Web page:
Irish manufacturing growth slows
Irish manufacturing growth slowed in August from a 15-month high a month earlier, a survey showed today, a week after a draft European Commission report showed it would cut its Irish growth forecasts for next year.
The commission, part of a trio of lenders overseeing Dublin's €85 billion bailout, said it expected gross domestic product (GDP) to grow by 1.4 per cent in 2013, half a per cent less than previously thought as the outlook for external demand deteriorated.
Manufacturing in Ireland's export-focused economy has so far weathered that slowdown quite well, with the NCB Purchasing Managers' Index (PMI) climbing to 53.9 in July before falling back to 50.9 in August, its lowest level in four months.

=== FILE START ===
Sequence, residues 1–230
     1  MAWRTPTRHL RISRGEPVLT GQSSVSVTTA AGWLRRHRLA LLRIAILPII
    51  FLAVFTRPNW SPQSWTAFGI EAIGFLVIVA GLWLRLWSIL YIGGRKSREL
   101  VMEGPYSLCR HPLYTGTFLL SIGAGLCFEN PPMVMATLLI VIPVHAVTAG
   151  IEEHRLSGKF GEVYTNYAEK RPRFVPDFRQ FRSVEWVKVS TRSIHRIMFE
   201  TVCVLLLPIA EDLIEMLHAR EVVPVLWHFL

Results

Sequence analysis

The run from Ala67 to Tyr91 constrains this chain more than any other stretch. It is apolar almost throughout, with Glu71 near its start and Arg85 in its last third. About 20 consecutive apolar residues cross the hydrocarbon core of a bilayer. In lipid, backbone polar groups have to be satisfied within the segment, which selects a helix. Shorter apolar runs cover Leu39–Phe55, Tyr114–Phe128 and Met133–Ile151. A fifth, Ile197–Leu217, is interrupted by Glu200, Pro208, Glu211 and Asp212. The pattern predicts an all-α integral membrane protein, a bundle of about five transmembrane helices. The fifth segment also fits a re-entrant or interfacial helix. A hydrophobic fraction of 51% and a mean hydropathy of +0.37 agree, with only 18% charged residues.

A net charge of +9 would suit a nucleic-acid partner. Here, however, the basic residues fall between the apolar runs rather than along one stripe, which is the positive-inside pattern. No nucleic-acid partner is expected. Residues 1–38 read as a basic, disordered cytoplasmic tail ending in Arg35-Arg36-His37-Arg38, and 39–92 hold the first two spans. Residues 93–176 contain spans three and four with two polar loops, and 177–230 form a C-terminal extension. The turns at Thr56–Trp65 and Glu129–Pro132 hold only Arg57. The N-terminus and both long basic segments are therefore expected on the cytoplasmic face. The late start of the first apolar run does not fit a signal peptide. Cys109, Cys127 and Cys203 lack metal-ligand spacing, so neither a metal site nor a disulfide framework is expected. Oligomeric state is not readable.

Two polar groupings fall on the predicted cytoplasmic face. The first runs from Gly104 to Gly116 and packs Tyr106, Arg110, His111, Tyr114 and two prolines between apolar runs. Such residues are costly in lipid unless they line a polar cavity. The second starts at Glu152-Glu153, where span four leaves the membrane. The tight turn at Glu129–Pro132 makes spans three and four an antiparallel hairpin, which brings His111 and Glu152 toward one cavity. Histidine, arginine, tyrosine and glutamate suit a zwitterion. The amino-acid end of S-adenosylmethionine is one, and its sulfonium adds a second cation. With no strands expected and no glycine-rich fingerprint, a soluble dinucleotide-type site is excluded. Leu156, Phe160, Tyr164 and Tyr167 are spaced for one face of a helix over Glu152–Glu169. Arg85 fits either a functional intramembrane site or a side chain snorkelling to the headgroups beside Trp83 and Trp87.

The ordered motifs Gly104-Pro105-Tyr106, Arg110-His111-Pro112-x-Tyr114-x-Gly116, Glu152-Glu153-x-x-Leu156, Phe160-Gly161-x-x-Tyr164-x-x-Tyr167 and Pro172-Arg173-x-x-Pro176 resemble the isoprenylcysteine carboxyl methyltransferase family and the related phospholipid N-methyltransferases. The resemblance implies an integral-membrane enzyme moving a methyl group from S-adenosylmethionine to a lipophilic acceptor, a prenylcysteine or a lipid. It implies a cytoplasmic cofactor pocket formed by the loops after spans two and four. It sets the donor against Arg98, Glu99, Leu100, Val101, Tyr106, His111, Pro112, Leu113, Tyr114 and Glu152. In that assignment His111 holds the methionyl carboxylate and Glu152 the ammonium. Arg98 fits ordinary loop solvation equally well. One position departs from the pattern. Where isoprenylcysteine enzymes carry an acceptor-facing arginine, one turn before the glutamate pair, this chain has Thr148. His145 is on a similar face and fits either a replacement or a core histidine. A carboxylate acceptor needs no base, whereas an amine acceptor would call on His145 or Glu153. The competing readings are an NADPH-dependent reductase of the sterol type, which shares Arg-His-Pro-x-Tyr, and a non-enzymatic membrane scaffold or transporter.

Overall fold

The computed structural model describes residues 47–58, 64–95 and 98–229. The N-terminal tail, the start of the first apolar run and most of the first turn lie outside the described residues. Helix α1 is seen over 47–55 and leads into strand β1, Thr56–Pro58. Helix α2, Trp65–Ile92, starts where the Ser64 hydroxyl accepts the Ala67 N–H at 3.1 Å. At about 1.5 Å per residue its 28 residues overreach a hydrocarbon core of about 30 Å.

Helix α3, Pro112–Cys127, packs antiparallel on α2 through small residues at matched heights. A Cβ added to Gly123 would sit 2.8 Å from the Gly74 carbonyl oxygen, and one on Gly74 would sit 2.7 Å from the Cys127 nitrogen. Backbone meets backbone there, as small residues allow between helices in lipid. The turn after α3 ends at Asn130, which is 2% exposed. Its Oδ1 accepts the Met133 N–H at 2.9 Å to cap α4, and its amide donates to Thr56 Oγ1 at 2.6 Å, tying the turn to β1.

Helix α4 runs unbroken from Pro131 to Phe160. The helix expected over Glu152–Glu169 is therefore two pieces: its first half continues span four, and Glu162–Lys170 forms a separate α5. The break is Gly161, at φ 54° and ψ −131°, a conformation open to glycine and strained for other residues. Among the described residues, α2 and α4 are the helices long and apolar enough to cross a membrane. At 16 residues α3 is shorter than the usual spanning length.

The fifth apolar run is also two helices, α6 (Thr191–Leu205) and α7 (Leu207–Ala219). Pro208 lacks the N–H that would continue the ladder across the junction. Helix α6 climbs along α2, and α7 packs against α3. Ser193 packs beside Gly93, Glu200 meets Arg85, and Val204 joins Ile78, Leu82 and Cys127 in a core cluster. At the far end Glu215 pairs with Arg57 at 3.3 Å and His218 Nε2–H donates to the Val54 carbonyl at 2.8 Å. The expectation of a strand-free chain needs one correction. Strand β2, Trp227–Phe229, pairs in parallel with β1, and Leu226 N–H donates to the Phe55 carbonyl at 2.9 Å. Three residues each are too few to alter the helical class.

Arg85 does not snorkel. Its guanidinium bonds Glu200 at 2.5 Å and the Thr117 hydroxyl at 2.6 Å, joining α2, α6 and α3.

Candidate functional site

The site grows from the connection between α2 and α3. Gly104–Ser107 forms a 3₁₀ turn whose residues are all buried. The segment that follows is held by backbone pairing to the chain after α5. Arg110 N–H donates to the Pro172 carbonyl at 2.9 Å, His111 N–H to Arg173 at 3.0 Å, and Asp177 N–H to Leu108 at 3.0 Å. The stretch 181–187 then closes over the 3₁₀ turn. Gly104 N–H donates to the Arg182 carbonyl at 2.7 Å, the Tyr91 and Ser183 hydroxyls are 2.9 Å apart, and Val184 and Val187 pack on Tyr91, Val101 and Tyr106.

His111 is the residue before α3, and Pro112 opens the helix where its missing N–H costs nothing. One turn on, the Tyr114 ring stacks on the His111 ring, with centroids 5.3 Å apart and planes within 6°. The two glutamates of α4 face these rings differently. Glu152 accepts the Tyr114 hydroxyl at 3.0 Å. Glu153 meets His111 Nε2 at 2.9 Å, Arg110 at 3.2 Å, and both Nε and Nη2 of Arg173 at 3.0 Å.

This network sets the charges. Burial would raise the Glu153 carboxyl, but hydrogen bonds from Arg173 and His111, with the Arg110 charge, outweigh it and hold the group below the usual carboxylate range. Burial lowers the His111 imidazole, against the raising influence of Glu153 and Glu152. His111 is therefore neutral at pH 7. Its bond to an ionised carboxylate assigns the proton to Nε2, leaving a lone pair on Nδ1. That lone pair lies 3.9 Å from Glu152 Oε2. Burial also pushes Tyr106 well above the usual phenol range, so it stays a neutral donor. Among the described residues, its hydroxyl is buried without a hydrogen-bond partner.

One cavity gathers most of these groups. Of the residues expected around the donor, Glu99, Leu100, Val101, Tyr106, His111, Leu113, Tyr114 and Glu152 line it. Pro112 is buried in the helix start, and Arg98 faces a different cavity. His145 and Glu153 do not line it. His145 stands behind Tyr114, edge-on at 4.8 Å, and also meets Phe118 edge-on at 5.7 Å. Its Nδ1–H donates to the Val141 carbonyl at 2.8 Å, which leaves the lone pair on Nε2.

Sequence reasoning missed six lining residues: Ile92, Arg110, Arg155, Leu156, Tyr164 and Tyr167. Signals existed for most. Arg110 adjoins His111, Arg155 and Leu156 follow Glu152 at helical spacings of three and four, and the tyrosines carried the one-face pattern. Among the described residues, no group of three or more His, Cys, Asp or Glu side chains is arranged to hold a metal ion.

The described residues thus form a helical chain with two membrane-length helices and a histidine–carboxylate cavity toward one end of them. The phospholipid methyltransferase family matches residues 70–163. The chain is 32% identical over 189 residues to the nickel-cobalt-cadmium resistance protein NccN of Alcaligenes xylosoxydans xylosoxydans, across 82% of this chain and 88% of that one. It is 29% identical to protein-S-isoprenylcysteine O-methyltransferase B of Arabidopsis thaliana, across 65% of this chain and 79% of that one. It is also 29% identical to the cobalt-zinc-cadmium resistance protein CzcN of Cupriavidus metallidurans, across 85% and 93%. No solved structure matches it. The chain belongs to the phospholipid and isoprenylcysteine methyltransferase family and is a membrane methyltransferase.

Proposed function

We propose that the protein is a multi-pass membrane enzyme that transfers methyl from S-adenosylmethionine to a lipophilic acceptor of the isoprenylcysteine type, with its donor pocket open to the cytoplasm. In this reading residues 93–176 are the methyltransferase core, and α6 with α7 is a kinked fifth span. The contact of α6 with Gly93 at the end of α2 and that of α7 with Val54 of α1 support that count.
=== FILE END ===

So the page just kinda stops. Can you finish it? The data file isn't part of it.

That was still above the 50 line that separates growth from contraction, avoiding the fall in activity that was seen in eight of the nine months to February when the euro zone debt crisis was at its worst.
"Slower increases were recorded in output, new orders and employment," Markit, which compiles the data, said in a note.
"Meanwhile, input costs rose for the first time in three months but firms continued to lower their prices charged."
PMI indices in Ireland, which returned to long term bond markets in July, have been more positive than elsewhere in Europe in recent months and even though new export orders fell to 53.4 in August from 56.7 a month earlier, it was still the third highest recording in the last 12 months.
Irish manufacturing firms also took on extra staff again in August, although the latest rise in employment was only slight and the slowest over the course of six months of consecutive increases.